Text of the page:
Posted on May 27, 2015 at 4:18 PM
The Presidential Commission for the Study of Bioethical Issues (Bioethics Commission) closed its discussion of democratic deliberation in bioethics and bioethics education with a roundtable discussion involving Commission members and presenters.
Amy Gutmann, Ph.D., Chair of the Bioethics Commission, kicked off the session by asking the panelists to share their thoughts on what the Bioethics Commission can do to improve the quality of public dialogue and deliberation on bioethics and the quality of bioethics education.
Following are highlights from the discussion:
Margaret Little, Ph.D., director of the Kennedy Institute of Ethics and associate professor in the philosophy department at Georgetown University, suggested that the Bioethics Commission help launch a series of experiments to promote informed deliberation on bioethics, both at universities and in communities. “This is a great model that is used in many places. Right now, there is an energy prize for $5 million to a community that reduces its carbon footprint,” Little noted. “So this is something with incentives and an aspirational mandate.”
“Watching is one thing; doing is another,” said James Fishkin, Ph.D., the Janet M. Peck Professor of International Communication and director of the Center for Deliberative Democracy at Stanford University. He urged the Bioethics Commission to undertake an exemplary project using democratic deliberation to spur public engagement in bioethics. “If you do it right, other commissions can follow in your footsteps,” he added.
F. Daniel Davis, Ph.D., the director of bioethics at the Geisinger Health System and former executive director of the President’s Council on Bioethics under President George W. Bush, said that there’s a need to make ethical knowledge more practical and less theoretical. He cited work he is doing with surgical residents, assessing their emotional intelligence as a way to reduce medical errors. The goal, he said, is to get the residents not only to recognize ethical issues but also to “operationalize that ethical knowledge and do so in a virtuous way.”
Jason Schwartz, Ph.D., M. Bioethics, the Harold T. Shapiro Fellow in Bioethics at the University Center for Human Values, Princeton University, asked the Bioethics Commission to think broadly in terms of the government entities that address bioethics issues. “Call attention to the fact that bioethics may not be the domain of bioethics alone,” he said, noting that many bodies that do not have bioethics in their name or mandate deal with bioethics issues. For example, bioethics is a factor in the how the Food and Drug Administration weighs the risks and benefits of pharmaceuticals, and in how vaccines are prioritized for development. “Ethical dimensions are largely ignored or cast aside or reshaped if they are exclusively technical or scientific questions,” Schwarz said.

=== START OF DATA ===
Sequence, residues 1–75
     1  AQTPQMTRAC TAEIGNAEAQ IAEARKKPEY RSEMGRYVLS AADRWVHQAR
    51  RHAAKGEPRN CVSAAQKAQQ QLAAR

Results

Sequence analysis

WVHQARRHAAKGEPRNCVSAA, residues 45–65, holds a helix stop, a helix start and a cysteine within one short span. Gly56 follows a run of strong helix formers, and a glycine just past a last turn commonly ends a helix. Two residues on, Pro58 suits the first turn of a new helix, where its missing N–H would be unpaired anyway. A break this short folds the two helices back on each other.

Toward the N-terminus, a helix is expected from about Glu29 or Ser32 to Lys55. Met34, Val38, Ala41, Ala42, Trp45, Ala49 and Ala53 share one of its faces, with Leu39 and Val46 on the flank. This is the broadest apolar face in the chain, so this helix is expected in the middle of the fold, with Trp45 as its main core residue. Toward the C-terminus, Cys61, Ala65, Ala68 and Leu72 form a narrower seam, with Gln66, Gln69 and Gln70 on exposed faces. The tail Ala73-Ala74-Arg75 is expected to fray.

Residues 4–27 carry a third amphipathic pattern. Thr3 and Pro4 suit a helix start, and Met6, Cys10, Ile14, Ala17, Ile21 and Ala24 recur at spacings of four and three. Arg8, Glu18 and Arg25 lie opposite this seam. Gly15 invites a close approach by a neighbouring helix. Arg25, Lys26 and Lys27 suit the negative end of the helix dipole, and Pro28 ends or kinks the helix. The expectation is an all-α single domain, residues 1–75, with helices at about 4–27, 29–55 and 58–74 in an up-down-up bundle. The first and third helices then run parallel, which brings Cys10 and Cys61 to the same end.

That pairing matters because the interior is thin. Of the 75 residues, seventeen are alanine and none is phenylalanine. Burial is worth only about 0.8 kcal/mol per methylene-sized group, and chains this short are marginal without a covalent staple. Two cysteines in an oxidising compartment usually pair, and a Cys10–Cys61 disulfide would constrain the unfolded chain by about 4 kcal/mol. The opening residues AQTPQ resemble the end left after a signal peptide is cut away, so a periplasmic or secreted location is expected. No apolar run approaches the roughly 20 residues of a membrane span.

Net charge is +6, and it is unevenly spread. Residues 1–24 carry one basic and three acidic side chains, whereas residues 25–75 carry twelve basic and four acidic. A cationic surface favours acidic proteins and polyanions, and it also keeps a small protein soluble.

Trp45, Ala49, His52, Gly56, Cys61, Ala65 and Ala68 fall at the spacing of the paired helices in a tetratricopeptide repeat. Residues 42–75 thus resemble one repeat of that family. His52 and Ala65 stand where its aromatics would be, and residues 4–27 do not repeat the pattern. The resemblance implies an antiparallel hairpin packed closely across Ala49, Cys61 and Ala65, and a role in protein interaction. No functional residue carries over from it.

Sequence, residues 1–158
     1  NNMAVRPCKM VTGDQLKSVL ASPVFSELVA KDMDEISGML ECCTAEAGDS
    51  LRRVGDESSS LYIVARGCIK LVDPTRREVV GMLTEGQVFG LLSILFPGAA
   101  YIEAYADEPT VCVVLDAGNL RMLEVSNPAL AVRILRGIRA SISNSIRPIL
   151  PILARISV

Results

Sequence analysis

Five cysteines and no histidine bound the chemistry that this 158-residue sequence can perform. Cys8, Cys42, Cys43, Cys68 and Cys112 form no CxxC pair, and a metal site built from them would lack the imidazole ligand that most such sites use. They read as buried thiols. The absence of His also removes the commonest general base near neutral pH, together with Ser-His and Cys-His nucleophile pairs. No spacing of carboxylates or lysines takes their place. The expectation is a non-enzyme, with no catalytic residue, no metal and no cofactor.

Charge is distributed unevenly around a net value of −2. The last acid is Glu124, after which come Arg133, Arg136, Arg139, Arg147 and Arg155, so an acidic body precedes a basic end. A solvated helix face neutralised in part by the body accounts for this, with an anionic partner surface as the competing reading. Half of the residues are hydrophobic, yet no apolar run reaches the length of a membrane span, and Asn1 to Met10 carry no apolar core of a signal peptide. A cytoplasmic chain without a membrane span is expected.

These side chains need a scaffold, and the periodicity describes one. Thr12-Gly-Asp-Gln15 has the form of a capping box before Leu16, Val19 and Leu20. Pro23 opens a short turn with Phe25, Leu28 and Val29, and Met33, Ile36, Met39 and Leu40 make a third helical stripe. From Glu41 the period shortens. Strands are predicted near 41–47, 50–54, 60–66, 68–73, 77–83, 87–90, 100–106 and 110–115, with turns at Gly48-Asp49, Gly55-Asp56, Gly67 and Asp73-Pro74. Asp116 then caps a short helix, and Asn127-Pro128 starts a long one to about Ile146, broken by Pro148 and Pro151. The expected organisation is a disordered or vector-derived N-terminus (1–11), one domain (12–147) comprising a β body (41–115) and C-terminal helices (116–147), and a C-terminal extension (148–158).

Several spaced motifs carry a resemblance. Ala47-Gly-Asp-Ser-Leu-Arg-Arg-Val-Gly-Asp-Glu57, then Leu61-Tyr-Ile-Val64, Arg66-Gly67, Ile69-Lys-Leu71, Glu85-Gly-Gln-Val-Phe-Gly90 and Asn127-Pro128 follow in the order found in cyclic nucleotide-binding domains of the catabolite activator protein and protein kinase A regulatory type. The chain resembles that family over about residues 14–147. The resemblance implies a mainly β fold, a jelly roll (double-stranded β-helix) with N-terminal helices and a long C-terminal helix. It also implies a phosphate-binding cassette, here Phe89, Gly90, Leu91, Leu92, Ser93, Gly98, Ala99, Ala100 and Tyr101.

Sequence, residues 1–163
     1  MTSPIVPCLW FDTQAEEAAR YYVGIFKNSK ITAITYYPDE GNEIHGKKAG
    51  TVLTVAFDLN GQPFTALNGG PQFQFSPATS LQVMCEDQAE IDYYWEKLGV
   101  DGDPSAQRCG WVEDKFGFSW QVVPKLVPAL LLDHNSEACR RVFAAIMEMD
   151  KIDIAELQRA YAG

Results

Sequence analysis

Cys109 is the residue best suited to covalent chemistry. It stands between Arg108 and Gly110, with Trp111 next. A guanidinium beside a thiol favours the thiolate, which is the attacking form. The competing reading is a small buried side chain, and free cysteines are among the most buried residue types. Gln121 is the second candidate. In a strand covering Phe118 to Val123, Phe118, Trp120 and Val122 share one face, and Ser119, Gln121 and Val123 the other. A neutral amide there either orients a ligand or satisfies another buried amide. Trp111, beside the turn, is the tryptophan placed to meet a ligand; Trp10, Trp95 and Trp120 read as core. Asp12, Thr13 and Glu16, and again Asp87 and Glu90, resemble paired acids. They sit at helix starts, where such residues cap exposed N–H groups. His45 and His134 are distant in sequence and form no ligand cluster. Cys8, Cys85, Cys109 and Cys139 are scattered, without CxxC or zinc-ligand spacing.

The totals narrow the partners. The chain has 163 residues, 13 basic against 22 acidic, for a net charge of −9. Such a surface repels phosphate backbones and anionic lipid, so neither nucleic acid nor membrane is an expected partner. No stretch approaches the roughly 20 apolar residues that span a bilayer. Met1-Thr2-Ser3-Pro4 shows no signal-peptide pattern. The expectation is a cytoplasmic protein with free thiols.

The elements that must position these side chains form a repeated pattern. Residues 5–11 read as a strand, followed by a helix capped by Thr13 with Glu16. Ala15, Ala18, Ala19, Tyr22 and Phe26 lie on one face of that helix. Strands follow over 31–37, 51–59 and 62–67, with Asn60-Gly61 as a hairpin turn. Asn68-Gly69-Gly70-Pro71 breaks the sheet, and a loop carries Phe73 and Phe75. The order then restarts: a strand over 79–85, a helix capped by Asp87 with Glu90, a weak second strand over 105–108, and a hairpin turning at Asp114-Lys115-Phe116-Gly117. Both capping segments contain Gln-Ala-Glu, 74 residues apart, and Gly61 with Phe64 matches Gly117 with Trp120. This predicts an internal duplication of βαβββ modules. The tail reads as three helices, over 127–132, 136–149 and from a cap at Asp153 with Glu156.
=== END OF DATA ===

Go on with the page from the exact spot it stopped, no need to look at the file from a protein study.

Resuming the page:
Steven Joffe, M.D., M.P.H., the Vice Chair of Medical Ethics, Emanuel and Robert Hart Associate Professor of Medical Ethics and Health Policy and director of Penn Fellowship in Advanced Biomedical Ethics at University of Pennsylvania, emphasized the importance of promoting respectful public dialogues. As a model, he suggested presidential debates in which questions are asked by citizens sitting in a circle. “The citizens equip themselves incredibly well time after time after time. And those sorts of discussions, engaging the public about bioethical issues, I think, would be…incredibly powerful to promote the conversations we want to have.”
Connie Ulrich, Ph.D., R.N., F.A.A.N., an associate professor of bioethics and nursing in the Department of Biobehavioral Health Sciences at the University of Pennsylvania School of Nursing, cited a need for better communication. “Training and communication would absolutely help in bioethics education, so we can help people feel more confident to address the issues that they face.”
The Commission is scheduled to meet again on September 2 in Washington, D.C. For details, go to www.bioethics.gov.